MISSY’S MANOR: STARRCADE 1987 — THE RISE & SLAM

Posted December 12th, 2011 by 1Wrestling News Team

I was being interviewed a couple of years ago. One of the questions they asked me was my memories on Starrcade 1987. I honestly couldn’t even recall being at the event. I guess it must have felt like just another show for me in comparison to being at the “WrestleMania” of Jim Crockett Promotions. Even when the event was released on commercial video tape, I wasn’t even sure that I was there live, since Turner Home Entertainment usually edited out the interviews on their commercial tapes. Recently a fan sent me the WWE 24/7 version of the show & to my surprise I was actually on the show. Tony Schiavone & Jim Ross introduced me in conducting interviews & that was it for my appearance for the show. Geez, why wonder I don’t remember it. Even the former Florida Announcer in Jack Gregory & Magnum TA had a similar cameo appearance.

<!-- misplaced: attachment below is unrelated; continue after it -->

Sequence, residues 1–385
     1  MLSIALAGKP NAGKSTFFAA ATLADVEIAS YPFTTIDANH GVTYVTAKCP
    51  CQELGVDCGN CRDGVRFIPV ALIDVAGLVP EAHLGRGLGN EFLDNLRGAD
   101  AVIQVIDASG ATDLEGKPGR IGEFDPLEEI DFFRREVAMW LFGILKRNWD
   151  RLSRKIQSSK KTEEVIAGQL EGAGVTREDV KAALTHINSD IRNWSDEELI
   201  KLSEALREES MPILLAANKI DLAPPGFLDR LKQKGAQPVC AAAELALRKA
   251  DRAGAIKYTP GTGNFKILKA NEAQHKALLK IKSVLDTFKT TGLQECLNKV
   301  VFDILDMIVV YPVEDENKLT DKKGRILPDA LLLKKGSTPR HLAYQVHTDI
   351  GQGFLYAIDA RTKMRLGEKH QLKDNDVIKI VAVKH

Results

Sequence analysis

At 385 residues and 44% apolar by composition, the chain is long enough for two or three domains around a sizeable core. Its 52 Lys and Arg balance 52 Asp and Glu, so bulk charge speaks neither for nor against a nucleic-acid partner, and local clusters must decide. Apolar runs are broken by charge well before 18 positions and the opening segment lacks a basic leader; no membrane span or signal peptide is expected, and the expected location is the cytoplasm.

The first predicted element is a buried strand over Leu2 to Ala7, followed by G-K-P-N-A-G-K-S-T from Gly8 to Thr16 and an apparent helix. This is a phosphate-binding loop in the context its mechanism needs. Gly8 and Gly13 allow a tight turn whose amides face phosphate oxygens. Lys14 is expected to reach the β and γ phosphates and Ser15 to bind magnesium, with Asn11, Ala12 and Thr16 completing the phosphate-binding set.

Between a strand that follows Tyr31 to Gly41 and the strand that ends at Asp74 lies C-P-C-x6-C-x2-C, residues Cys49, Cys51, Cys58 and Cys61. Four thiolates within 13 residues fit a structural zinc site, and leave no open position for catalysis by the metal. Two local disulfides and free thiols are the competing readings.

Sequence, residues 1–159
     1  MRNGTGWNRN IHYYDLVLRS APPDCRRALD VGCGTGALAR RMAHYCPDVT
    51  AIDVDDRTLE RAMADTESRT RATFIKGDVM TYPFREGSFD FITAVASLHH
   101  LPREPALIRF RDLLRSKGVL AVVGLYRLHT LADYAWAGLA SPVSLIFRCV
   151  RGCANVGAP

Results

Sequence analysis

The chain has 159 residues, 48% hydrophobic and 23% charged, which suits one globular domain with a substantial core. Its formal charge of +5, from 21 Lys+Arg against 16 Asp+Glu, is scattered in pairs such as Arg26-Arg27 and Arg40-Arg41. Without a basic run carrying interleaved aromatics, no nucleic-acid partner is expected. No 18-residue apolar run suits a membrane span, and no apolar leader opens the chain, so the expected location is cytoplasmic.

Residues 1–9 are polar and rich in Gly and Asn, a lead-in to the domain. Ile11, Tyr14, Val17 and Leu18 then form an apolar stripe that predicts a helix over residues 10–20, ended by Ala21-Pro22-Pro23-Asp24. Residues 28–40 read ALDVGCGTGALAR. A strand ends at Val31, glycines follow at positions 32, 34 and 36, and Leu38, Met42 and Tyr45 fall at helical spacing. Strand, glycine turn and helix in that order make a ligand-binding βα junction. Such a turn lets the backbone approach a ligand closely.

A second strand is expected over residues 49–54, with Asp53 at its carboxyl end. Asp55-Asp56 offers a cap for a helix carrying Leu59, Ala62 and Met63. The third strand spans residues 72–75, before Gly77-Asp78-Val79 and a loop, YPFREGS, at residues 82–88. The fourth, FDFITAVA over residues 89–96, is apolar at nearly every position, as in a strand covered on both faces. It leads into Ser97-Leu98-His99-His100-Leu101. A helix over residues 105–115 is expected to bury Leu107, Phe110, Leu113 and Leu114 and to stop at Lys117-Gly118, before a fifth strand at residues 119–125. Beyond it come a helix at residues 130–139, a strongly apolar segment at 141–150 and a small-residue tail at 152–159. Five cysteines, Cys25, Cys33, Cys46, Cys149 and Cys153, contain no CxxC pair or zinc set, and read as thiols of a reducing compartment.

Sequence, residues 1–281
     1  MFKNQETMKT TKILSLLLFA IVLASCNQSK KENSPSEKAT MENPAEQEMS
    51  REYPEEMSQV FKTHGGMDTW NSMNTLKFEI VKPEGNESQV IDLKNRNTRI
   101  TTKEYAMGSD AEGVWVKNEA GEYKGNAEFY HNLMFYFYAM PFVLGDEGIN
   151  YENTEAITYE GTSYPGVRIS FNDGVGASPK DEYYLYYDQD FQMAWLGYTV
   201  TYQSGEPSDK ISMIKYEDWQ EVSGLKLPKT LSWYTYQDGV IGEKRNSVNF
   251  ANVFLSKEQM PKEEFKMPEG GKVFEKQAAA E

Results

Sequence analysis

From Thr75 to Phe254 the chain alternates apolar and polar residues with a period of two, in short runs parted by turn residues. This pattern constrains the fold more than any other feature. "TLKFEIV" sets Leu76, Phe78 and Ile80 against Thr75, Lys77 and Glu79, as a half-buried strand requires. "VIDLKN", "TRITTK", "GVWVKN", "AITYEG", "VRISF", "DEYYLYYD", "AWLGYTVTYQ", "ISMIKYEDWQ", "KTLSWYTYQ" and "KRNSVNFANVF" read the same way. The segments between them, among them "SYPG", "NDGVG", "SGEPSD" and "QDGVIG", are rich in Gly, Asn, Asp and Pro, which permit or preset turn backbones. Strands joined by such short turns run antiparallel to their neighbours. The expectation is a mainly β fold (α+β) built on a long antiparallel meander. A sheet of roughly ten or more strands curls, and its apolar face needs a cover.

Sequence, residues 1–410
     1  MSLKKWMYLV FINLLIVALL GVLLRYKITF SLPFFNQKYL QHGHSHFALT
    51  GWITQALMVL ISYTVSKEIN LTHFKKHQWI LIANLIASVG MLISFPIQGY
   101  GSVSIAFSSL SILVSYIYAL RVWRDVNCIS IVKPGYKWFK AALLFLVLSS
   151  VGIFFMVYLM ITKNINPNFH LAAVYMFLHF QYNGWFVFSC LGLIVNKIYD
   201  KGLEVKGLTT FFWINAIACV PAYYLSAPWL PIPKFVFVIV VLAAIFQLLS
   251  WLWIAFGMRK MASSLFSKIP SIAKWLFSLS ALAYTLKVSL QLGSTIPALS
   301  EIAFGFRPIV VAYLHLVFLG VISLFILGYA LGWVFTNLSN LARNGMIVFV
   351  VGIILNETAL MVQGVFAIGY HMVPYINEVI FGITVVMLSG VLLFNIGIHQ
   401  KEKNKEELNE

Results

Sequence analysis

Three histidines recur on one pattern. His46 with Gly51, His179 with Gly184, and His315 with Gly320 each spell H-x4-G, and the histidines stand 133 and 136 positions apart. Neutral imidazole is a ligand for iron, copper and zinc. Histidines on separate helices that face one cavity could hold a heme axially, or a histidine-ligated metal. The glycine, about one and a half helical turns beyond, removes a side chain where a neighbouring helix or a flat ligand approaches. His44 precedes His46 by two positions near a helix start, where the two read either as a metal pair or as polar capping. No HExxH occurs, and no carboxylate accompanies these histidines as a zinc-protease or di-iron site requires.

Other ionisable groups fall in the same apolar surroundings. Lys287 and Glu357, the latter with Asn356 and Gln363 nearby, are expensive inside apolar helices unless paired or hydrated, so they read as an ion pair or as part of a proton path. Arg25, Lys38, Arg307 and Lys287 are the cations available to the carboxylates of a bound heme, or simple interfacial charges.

Enough about me & off to the event that was a variable in Jim Crockett having to sell his business a year later to Ted Turner. Crockett earlier in the year had purchased the UWF. The purchase was primarily for the rights to run the territory & to gain possession of the 70% of television syndication clearance in the U.S. Crockett’s plan was to posses more local TV then the WWF. This would allow him to tour more markets with localized promotion for the upcoming house shows. Plus many people fail to remember that not everybody was wired to cable or satellite TV in the 1980’s. TBS also had restrictions on what channels that Jim Crockett broadcasted his syndicated shows on, but by using the UWF shows, it would be his loop hole around any TV exclusivity that TBS wanted in certain markets {TBS didn’t want any NWA programming on the Tribune Network at the time].